1 dead in fatal Kenai Spur wreck

One man is dead after a fatal car accident on the Kenai Spur Highway on Monday evening.

Kenai resident Michael Thomas Grisham, 50, was driving a Ford Ranger pickup truck east on the Spur when a 2008 GMC Sierra pickup traveling west crossed over the center line and hit Grisham’s truck on the driver’s side near the highway’s intersection with Beaver Loop Road, according to a release from the Kenai Police Department. Police responded to the wreck just before 6 p.m., and Grisham was taken to Central Peninsula Hospital by the Kenai Fire Department where he was pronounced dead, police wrote in the release.

The driver of the GMC Sierra, 22-year-old Brian Kollm of Soldotna, was medically cleared at the scene of the crash by Kenai Fire Department medics along with a passenger in his vehicle. A passenger who was in Grisham’s pickup was taken to Central Peninsula Hospital by Central Emergency Services but was discharged, officers wrote.

The cause of the accident is still under investigation, said Lt. Ben Langham with the Kenai Police Department.

“Initially, the primary cause of the accident is going to be contributed to … road conditions,” Langham said.

Reach Megan Pacer at megan.pacer@peninsulaclarion.com.

More in News

A group spanning the length of five blocks marches in downtown Soldotna, Alaska, to celebrate Pride Month on Saturday, June 12, 2021. (Camille Botello/Peninsula Clarion)
Housing org seeks to create safe homestays for queer youth

Choosing Our Roots houses LGBTQ+ youth ages 13-24 with a host person or family

File
Kasilof man arrested in connection to alleged death threats

Tarbell began in August making threats to individuals in Vermont and others states, according to an FBI affidavit.

Ashlyn O’Hara / Peninsula Clarion 
From left: Kenai City Council candidates Alex Douthit, Deborah Sounart and Victoria Askin attend an election forum Wednesday at the Kenai Chamber of Commerce and Visitor Center.
Council candidates discuss Kenai’s future at forum

Three of the five candidates vying for seats on the council participated in the event.

A podium marks the beginning of a StoryWalk at Soldotna Creek Park on Tuesday, June 29, 2021 in Soldotna, Alaska. The project was discontinued in August due to vandalism. (Ashlyn O’Hara/Peninsula Clarion)
StoryWalk vandalism results in project’s early end

The StoryWalk was made possible by a $2,500 donation from the Soldotna Library Friends.

In this March 12, 2020 file photo, Dr. Anne Zink, Alaska’s chief medical officer, addresses reporters at a news conference in Anchorage, Alaska. Alaska on Wednesday, Sept. 15, 2021, reported its highest number of new COVID-19 cases, a day after the state’s largest hospital announced it had entered crisis protocol and began rationing care. When many people become ill at the same time, it overwhelms the state’s health care system. “And then we start to see excess mortality where more people dying from other things such as heart attacks and strokes and car accidents and bear maulings or whatever else happens,” Zink said. (AP Photo/Mark Thiessen, File)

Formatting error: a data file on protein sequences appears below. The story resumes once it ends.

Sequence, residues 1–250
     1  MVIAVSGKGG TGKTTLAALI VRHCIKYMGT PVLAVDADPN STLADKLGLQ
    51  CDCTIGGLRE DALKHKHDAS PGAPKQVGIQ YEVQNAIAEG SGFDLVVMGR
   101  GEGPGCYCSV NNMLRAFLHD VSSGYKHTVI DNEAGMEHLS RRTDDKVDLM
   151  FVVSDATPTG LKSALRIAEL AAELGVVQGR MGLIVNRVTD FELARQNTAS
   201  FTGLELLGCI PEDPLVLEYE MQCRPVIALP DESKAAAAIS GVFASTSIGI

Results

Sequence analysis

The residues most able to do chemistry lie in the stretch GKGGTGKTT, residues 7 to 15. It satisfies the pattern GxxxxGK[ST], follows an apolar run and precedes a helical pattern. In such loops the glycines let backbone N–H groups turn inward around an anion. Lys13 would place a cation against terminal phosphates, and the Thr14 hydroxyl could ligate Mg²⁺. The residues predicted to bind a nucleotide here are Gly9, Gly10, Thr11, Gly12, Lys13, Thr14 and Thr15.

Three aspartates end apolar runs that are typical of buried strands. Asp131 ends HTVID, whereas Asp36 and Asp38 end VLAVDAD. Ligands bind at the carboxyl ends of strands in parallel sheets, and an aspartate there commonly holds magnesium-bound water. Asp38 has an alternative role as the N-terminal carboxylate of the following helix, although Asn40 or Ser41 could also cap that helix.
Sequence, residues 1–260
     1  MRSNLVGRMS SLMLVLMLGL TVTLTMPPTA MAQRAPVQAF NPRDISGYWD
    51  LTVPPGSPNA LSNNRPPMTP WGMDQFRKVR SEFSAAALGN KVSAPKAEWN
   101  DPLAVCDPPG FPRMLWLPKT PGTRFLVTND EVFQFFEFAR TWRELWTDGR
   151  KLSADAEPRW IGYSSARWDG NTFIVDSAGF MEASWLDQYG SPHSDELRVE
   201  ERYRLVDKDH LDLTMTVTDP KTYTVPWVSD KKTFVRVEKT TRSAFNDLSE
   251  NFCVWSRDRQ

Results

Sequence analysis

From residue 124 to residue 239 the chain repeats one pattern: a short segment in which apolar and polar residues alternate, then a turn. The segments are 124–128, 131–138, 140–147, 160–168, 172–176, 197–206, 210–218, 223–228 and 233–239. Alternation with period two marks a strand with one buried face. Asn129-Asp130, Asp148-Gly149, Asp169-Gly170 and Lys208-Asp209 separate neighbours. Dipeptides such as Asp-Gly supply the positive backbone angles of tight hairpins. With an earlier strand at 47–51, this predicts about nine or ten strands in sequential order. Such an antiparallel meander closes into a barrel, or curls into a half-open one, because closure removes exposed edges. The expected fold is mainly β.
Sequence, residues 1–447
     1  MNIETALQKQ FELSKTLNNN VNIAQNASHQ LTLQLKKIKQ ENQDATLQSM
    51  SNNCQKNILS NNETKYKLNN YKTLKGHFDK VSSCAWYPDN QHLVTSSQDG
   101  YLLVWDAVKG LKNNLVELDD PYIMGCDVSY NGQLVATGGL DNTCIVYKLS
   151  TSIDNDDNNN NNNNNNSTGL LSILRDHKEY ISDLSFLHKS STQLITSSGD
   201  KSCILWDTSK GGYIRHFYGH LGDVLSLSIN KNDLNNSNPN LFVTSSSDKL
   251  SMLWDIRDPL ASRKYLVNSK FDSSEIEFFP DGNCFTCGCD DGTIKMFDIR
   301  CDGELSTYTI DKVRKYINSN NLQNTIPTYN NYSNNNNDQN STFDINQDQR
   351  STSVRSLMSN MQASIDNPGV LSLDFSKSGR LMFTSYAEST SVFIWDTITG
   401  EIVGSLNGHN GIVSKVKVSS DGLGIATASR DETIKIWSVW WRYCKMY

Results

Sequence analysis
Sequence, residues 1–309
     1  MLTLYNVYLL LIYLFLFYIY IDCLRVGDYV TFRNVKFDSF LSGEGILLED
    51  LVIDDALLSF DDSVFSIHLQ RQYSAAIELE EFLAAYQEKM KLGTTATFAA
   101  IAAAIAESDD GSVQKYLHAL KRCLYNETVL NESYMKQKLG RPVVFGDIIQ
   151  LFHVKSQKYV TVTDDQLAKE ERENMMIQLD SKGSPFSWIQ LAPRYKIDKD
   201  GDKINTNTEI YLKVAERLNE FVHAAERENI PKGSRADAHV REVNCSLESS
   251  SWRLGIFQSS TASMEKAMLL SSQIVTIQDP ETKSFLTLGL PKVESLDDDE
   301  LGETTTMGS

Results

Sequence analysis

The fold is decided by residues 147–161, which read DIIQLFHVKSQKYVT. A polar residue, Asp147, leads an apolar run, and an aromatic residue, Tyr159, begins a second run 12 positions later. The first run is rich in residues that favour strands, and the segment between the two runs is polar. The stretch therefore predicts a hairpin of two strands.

Alaska records most daily COVID cases amid health care strain

By Mark Thiessen Associated Press ANCHORAGE — Alaska on Wednesday reported its… Continue reading

Alaskans pick up and turn in Permanent Fund Dividend applications at the Department of Revenue office in the State Office Building in March 2011. (Michael Penn / Juneau Empire File)
Dividend payments expected in 30 days

Payments of $1,100 set for mid-October

A vote-by-mail ballot box is photographed at the Kenai Peninsula Borough Administration building in Soldotna, Alaska, in October 2020. (Peninsula Clarion file)
Soldotna to allow voters to fix affidavits

About 16 absentee ballots were rejected due to a variety of reasons in the 2020 elections.

A sign instructing patients and visitors on the COVID-19 screening process is seen in the River Tower of Central Peninsula Hospital in Soldotna, Alaska, on April 7, 2020. (Photo by Brian Mazurek/Peninsula Clarion)
Hospital ‘dealing with’ overcapacity

Central Peninsula Hospital was operating at a 112% occupancy rate Wednesday morning.

In this Wednesday, Dec. 16, 2020, file photo, a syringe containing a dose of the Pfizer COVID-19 vaccine sits in a container during a vaccine clinic at Providence Alaska Medical Center in Anchorage, Alaska. Overwhelmed by a surge in COVID-19 patients, Providence Alaska Medical Center, Alaska’s largest hospital, on Tuesday, Sept. 14, 2021, implemented crisis standards of care, prioritizing resources and treatments to those patients who have the potential to benefit the most.(Loren Holmes/Anchorage Daily News via AP, Pool, File)
Alaska’s largest hospital implements crisis care standards

The emergency room is overflowing at Providence, with patients wait for hours in their cars to see a doctor for emergency care.

Most Read